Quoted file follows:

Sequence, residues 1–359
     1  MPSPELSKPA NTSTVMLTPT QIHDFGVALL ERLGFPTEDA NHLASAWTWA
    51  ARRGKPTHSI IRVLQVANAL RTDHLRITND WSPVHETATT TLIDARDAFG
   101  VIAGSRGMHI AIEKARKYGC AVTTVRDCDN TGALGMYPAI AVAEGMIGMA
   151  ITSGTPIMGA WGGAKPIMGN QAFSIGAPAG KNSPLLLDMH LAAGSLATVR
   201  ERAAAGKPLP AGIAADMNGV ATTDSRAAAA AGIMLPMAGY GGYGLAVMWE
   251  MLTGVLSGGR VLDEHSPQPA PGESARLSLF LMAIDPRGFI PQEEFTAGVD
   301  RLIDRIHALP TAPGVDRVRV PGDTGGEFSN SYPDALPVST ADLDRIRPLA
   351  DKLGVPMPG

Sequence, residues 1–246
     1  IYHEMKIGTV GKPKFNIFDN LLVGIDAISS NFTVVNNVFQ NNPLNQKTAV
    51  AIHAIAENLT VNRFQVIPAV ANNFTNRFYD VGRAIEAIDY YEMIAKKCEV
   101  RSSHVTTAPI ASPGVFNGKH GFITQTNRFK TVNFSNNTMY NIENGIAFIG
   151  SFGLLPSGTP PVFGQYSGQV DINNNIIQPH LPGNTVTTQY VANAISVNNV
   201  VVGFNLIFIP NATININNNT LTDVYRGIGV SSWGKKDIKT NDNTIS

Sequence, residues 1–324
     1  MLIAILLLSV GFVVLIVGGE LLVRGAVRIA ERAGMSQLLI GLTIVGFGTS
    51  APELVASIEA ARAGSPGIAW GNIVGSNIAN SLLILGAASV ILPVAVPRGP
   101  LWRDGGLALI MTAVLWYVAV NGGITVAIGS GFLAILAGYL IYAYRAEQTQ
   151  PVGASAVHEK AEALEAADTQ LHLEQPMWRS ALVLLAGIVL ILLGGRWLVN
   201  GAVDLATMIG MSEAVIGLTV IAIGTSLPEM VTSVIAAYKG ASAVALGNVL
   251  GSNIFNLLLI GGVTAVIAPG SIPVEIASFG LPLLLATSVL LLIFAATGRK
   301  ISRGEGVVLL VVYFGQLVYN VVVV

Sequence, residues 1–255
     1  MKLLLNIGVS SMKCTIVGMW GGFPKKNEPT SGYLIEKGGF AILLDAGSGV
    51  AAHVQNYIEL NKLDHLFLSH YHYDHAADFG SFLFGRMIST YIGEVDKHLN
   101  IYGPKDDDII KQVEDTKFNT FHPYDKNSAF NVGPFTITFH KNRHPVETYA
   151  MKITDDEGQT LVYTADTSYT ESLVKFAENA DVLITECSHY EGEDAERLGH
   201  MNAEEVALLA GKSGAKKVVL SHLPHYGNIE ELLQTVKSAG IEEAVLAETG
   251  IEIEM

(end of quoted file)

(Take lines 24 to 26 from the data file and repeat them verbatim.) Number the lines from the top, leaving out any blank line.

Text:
Sequence, residues 1–255
     1  MKLLLNIGVS SMKCTIVGMW GGFPKKNEPT SGYLIEKGGF AILLDAGSGV
    51  AAHVQNYIEL NKLDHLFLSH YHYDHAADFG SFLFGRMIST YIGEVDKHLN